9. 9.
    Elster, J.: Social norms and economic theory. J. Econ. Perspect. 3(4), 99–117 (1989)MathSciNetCrossRefGoogle Scholar
  10. 10.
    Tuomela, R.: The Importance of Us. Stanford University Press, Stanford (1995)zbMATHGoogle Scholar
  11. 11.
    Dignum, F.: Autonomous agents with norms. J. Artif. Intell. Law 7(1), 69–79 (1999)CrossRefGoogle Scholar
  12. 12.
    Boella, G., van der Torre, L.: Substantive and procedural norms in normative multiagent systems. J. Appl. Logic 6(2), 152–171 (2008)MathSciNetCrossRefGoogle Scholar
  13. 13.
    Savarimuthu, B.T.R., Cranefield, S.: Norm creation, spreading and emergence: a survey of simulation models of norms in multi-agent systems (2011)CrossRefGoogle Scholar
  14. 14.
    Peng, Y.B., Gao, J., Ai, J.Q., Wang, C.H., Guo, H.: An extended agent BDI model with norms, policies and contracts. In: 2008 International Conference on Wireless Communications, Networking and Mobile Computing, WiCOM 2008 (2008)Google Scholar
  15. 15.
    Rodriguez, L.F., Ramos, F.: Development of computational models of emotions for autonomous agents: a review. Cogn. Comput. 6(3), 351–375 (2014)CrossRefGoogle Scholar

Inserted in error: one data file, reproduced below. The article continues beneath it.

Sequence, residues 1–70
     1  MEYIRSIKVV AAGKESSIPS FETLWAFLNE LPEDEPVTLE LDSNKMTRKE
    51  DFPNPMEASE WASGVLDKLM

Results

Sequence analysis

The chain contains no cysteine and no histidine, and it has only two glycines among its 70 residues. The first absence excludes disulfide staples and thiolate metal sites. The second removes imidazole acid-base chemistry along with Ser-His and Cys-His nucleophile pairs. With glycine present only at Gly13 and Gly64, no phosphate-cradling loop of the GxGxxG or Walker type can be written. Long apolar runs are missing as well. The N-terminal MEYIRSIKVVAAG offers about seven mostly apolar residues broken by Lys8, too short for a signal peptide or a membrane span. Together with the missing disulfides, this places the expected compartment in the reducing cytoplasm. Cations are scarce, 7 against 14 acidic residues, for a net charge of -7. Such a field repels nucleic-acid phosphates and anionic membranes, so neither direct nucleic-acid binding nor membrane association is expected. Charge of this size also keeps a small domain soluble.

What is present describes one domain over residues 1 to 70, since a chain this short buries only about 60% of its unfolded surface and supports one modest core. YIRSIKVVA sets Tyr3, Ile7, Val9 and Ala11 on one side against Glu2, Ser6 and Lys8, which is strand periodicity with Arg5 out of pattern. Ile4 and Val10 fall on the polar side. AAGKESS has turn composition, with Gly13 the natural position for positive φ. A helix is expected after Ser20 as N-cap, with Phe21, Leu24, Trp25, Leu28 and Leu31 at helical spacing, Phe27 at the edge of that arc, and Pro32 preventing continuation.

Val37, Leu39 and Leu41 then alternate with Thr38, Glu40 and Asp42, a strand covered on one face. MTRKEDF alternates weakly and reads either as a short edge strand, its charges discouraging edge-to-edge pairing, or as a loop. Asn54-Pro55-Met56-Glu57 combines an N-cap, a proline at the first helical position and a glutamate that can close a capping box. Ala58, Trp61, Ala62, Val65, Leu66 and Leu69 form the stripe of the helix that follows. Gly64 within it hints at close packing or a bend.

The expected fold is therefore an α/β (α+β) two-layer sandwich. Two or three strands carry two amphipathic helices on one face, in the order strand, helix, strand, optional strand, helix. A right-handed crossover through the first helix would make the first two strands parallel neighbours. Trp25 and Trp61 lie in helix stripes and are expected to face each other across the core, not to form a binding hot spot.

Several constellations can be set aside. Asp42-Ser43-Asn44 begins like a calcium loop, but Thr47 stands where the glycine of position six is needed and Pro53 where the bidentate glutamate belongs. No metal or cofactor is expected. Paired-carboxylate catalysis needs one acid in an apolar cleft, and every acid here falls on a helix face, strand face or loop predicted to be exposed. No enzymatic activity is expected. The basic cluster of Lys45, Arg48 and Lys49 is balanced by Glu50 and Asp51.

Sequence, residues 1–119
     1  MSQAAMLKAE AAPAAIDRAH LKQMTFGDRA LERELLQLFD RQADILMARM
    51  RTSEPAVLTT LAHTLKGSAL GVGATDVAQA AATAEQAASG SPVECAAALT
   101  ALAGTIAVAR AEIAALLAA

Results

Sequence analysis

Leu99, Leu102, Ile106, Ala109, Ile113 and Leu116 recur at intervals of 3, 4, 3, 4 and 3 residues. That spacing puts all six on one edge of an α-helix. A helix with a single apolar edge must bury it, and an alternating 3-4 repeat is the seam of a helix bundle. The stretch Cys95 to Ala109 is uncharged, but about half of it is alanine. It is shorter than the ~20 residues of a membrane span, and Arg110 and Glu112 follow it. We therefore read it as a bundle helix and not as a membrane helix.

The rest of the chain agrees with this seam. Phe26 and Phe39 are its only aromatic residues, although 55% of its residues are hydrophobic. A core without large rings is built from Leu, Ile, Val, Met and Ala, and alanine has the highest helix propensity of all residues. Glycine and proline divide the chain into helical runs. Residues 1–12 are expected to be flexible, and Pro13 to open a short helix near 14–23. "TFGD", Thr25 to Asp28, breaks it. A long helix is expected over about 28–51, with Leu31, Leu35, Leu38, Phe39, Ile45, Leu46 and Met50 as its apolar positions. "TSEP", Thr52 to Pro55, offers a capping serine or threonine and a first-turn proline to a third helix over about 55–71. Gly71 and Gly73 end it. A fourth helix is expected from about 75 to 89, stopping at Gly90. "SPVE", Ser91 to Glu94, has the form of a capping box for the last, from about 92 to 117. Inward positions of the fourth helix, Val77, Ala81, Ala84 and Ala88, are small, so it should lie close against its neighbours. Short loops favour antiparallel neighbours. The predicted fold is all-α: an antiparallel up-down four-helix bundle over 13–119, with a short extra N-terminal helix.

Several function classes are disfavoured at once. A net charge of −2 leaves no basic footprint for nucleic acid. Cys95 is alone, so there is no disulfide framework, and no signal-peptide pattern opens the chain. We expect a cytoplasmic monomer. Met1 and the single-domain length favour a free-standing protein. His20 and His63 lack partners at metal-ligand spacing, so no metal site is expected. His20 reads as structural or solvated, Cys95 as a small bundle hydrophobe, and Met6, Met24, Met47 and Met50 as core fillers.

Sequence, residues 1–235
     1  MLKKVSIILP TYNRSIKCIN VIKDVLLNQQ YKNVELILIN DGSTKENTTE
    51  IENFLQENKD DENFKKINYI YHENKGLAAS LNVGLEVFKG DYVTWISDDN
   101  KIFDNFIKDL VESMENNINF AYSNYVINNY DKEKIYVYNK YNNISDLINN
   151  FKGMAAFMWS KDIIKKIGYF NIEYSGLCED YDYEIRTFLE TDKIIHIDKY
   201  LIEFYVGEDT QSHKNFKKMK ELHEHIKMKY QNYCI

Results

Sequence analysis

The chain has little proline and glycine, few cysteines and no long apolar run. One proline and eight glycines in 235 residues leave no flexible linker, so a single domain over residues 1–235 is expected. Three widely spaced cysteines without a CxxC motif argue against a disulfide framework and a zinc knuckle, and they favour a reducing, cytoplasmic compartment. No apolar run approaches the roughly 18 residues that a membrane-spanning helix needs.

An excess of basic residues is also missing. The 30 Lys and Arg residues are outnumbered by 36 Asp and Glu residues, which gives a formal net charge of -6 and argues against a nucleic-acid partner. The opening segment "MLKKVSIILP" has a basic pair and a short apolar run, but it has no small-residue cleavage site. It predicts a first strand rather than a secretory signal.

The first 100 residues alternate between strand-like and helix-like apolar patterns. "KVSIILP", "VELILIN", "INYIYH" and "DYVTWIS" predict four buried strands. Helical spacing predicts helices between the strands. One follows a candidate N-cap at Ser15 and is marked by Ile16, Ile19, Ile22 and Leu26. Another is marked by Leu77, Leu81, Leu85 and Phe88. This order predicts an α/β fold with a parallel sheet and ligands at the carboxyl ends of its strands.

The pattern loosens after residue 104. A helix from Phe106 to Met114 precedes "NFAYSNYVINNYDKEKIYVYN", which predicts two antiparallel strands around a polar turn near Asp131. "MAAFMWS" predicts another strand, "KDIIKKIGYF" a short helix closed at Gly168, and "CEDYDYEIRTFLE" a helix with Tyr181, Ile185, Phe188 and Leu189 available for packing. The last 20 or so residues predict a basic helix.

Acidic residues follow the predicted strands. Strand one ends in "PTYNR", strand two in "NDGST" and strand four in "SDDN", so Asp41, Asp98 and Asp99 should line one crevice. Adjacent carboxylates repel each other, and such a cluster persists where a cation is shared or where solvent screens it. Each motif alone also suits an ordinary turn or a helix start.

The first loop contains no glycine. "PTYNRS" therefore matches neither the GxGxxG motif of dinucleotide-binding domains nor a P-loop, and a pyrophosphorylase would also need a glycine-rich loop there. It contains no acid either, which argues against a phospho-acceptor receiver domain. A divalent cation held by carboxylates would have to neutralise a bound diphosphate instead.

16. 16.
    Ortony, A., Clore, G.L., Collins, A.: The Cognitive Structure of Emotions. Cambridge University Press, Cambridge (1990)Google Scholar
  17. 17.
    Frijda, N.H., Kuipers, P., Ter Schure, E.: Relations among emotion, appraisal, and emotional action readiness. J. Pers. Soc. Psychol. 57(2), 212–228 (1989)CrossRefGoogle Scholar
  18. 18.
    Roseman, I.J., Spindel, M.S., Jose, P.E.: Appraisals of emotion-eliciting events. J. Pers. Soc. Psychol. 59(5), 899–915 (1990)CrossRefGoogle Scholar
  19. 19.
    Hudlicka, E.: Guidelines for designing computational models of emotions. Int. J. Synth. Emot. 2(1), 26–79 (2011)CrossRefGoogle Scholar
  20. 20.
    Marsella, S., Gratch, J., Petta, P.: Computational models of emotion. In: Blueprint for Affective Computing: A Source Book. Oxford University Press, Oxford (2010)Google Scholar
  21. 21.
    Lin, J., Spraragen, M., Zyda, M.: Computational models of emotion and cognition. Adv. Cogn. Syst. 2, 59–76 (2012)Google Scholar
  22. 22.
    Marsella, S.C., Gratch, J.: EMA: a process model of appraisal dynamics. Cogn. Syst. Res. 10(1), 70–90 (2009)CrossRefGoogle Scholar
  23. 23.
    Russell, J.A.: Core affect and the psychological construction of emotion. Psychol. Rev. 110(1), 145–172 (2003)CrossRefGoogle Scholar
  24. 24.